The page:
The house smoke detectors had been chirping their request for new batteries since I arrived and finally, I asked if we should be looking for a couple new nine volts. “Oh,” she said. “That’s been going on since last week. I’ve just tuned it out.”

I looked out into the yard. The ground was covered with a thick layer of dead leaves and was littered with broken tree limbs that had been blown down in a windstorm last spring. There was no play equipment or toys. This would not be an acceptable play space, by any stretch.

So, I had more than enough here to make a licensing call and probably have this home shut down. And then, Casey started to tell me about herself.

She was a single mom with two children, a son who was eight and her nine month-old daughter. She wasn’t receiving child support for either child. Casey was frustrated about her business, because the income was very sporadic. Not all of the children came regularly and now some of the families were coming up with excuses for not paying her on time. She said the worst offenders were members of her own family, who went for months without paying and then just left. She worried about paying the rent and utilities and paying for food. Casey realized she’d let the line between being a friend and a business owner become blurred and was suffering the consequences.

Then, three weeks ago, her baby daughter contracted a respiratory illness that worsened to the point of hospitalization in the ICU by a drug reaction. Casey was forced to close her childcare for two weeks, so she could be with her daughter.

Casey was clearly overwhelmed, distracted, and possibly suffering from depression. She said she was feeling hopeless and perhaps working in a childcare center would be better than doing this anymore.  I gave her a hug and told her that would probably be a smart decision.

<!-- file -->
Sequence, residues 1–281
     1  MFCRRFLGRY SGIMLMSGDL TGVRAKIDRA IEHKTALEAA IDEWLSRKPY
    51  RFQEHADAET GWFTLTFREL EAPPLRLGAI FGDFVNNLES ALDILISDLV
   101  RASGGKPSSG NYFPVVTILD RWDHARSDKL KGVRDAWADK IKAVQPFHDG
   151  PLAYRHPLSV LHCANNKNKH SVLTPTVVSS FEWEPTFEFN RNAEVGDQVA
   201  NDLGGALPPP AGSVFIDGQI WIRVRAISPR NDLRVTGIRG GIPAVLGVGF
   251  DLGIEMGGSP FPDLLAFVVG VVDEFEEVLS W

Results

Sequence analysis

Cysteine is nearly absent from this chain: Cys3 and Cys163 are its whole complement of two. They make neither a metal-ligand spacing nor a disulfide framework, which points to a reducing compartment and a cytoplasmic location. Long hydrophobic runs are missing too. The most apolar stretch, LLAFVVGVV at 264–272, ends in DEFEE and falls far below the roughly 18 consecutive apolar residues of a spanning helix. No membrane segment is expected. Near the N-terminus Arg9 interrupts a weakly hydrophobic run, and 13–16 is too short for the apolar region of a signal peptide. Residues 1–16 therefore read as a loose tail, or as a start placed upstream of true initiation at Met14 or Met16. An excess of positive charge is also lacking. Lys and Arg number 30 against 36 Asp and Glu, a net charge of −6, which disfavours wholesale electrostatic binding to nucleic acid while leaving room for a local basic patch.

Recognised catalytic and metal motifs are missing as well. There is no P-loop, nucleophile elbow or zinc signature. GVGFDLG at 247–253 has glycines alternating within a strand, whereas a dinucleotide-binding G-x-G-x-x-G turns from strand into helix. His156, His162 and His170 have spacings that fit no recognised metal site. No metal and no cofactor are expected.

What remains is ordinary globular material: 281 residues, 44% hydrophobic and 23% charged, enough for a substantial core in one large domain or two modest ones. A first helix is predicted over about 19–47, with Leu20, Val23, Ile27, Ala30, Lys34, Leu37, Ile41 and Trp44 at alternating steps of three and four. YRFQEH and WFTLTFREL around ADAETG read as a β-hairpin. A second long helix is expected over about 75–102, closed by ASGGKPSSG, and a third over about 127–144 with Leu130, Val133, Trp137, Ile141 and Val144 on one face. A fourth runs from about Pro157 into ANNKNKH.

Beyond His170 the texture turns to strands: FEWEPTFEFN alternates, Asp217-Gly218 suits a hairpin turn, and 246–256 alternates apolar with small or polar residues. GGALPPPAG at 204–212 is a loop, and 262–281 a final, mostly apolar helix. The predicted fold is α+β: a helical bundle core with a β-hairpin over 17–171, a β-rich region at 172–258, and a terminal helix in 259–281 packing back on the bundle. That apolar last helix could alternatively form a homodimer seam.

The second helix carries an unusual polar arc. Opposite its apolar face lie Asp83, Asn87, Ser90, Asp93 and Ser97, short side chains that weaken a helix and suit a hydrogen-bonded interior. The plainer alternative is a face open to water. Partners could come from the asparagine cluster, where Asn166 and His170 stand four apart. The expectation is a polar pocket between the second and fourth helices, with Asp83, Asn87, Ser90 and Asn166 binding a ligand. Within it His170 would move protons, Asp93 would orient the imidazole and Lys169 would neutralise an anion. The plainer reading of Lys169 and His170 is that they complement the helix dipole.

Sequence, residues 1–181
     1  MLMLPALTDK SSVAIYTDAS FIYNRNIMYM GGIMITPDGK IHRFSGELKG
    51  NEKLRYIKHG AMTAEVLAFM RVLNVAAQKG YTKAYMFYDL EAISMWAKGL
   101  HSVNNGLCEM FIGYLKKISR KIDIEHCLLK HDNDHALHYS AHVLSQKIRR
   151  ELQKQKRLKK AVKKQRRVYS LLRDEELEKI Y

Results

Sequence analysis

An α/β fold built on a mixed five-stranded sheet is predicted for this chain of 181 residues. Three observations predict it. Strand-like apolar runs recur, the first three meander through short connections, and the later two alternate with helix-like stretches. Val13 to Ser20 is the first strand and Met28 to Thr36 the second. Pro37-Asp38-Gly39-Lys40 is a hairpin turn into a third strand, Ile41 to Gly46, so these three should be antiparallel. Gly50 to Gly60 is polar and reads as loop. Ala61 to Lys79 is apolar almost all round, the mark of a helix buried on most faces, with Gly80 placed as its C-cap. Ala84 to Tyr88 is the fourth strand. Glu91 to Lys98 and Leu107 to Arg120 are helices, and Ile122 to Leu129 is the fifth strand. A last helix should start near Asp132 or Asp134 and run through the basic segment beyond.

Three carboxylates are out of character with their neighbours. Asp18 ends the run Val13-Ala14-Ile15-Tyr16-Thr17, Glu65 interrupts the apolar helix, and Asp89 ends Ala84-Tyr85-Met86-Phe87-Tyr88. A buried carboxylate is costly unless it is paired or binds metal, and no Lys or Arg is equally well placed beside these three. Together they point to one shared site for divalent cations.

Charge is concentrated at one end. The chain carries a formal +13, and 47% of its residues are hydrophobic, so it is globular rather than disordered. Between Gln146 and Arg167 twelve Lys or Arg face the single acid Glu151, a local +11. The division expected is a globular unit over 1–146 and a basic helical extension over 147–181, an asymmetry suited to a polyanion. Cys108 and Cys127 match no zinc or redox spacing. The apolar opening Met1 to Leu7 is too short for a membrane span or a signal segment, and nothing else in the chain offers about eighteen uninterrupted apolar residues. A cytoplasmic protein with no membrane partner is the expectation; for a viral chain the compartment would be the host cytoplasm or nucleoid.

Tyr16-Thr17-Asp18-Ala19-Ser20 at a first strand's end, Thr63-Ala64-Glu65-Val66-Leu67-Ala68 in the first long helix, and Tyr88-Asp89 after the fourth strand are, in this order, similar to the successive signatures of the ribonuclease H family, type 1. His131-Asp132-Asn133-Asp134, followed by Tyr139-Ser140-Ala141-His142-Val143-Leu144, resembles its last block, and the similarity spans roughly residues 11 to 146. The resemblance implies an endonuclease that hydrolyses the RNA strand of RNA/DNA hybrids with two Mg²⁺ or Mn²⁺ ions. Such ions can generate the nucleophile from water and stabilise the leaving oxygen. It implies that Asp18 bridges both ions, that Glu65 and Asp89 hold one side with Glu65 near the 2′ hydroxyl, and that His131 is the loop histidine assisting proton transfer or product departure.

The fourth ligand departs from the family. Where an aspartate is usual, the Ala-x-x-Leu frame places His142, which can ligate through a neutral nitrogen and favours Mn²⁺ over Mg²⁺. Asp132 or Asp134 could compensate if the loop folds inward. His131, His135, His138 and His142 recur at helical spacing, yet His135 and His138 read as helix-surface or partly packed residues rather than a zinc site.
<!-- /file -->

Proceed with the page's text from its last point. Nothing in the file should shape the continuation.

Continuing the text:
We parted ways and I spent the next twenty minutes just sitting in my car. Casey obviously could not continue caring for other people’s children. Previous to my visit, she had a childcare mentor come out twice, offering suggestions and support, but there had been no follow through. I don’t believe she was capable of any follow through.

State licensing was requiring that she earn a CDA to continue as a family childcare provider. The scores I would upload today from my observations would prevent this from happening and essentially take away her livelihood. Sigh.

Not only would I need to upload my scores, I would have to call licensing. I shook my head and took a deep breath. ­But, by doing these things, maybe Casey would find other alternatives. She could find employment at a childcare center, have supervision and mentoring, a safe place for her daughter, less stress with a regular paycheck, and a chance to become a really good childcare provider.

Children need a safe and healthy childcare environment with an engaged and well-trained teacher. Our profession deserves teachers who are mentally and physically healthy and educated, so they can provide what children need.

To me, that is the essence of “Power to the Profession.”